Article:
And for those of you who become enchanted by the colonial beauty of the location, San Miguel de Allende--which stands as a testament to the beauty that the European powers dispersed all around the world, in their imperial adventures--you can visit the town's official site, at the URL provided below. The link takes you to the site's image gallery, where you can see the wonder of La Parroquia, the gorgeous Neo-Gothic church that dominates the town centre.

- Click here to visit San Miguel de Allende

Last edited by HSG : 18th March 2006 at 16:25.
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Old 18th March 2006   #2
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Join Date: July 2005
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Default Re: "Hand-made" beauty (Valerie at dressbarn)

Valerie is very pretty, but it's a shame that she isn't the goddess she once was, when she was fuller figured.

But I'm impressed with some of the Dress Barn styles, and especially encouraged to see that at least one plus line is incorporating the "hand-made"/handcrafted/Old World look. It's very popular right now, and it really suits my tastes.

A great fashion article that I recently read talked about how the New Femininity is becoming more and more popular:

Here's the most interesting segment:

"Thereís something very girlie about spring collections arriving in area stores. Soft colors, ribbons, lace and ruffles evoke an overwhelming sense of femininity, but itís the details that keep these looks casual, yet decidedly flirty.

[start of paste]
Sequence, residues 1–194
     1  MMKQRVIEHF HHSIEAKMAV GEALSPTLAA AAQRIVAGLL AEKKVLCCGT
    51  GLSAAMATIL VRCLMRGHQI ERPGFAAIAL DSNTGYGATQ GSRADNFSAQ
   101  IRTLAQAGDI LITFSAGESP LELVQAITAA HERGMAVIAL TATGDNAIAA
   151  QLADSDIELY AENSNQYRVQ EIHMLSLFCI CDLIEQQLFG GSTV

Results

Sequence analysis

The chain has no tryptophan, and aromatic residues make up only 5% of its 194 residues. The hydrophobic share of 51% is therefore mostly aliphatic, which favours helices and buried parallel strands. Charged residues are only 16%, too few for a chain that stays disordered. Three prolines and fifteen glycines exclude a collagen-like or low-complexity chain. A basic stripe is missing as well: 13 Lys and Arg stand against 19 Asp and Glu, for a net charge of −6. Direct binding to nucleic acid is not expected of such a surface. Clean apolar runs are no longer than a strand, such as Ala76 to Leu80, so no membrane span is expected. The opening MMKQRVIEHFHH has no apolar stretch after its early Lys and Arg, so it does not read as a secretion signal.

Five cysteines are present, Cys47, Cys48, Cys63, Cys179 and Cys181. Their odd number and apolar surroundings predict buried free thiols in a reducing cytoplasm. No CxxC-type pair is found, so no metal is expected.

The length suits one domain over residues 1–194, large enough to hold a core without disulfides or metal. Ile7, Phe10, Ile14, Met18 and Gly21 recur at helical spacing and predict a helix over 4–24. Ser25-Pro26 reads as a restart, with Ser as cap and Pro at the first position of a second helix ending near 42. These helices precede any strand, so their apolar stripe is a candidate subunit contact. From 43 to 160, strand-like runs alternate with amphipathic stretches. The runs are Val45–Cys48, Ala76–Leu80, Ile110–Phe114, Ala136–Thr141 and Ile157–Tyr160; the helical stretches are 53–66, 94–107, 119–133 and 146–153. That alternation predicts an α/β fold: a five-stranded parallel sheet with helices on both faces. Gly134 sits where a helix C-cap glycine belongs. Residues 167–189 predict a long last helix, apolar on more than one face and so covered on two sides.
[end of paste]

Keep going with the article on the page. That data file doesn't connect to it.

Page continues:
"Graceful dresses with empire waists and demure necklines look dainty until they reveal a deep V-back. A-line skirts are embellished with lacy trim or pleating, while suits are showing up with ribbon closures, all of which add softness to everyday wear.
"... consider the sexiness of a hint of skin showing through an eyelet skirt, or the way the body is skimmed by ruffled sleeves or a sheer blouse.
"Designers were careful to go for subtlety, leaving spring clothing sweet and romantic."

And it's true -- I have been seeing ribbons everywhere, even to make career wear less severe and more pleasing to the eye.

I also received a Saks mailer the other day that showed a dress with a very "hand-made" or handcrafted feel, also very romantic, in the trust sense of the word (bringing back the beauty of a bygone age):

I love this trend, and I hope it continues, especially in plus sizes, because these designs are all tailor-made for fuller, more feminine figures.
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Old 26th March 2006   #3
M. Lopez
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Join Date: August 2005
Posts: 587
Default Re: "Hand-made" beauty (Valerie at dressbarn)

I also found a piece at Nordstom that has a "hand-made" feeling, like something from European folk culture. Tragically and inappropriately, though, it's displayed on a skeleton:

The dressbarn booklet is a joy to look at, even though it's impossible to forget what a full-figured goddess Valerie once was.

The colonial setting adds so much, that I wish more companies would pay attention to location. Leafing through the pages is like espcaping into another world, and the mixture of plus-size models with such gorgeously unmodern architecture is perfect. It's a view of the world the way it once was - and the way it should be, the way one would want it to be. The straight-size companion booklet from dressbarn has even more gorgeous pictures of the town, but the underweight models ruin the effect.

I think dressbarn really made a discovery by locating their campaign in this dreamlike town. It has all the magic of a true Old World setting - and they managed to locate it on this continent.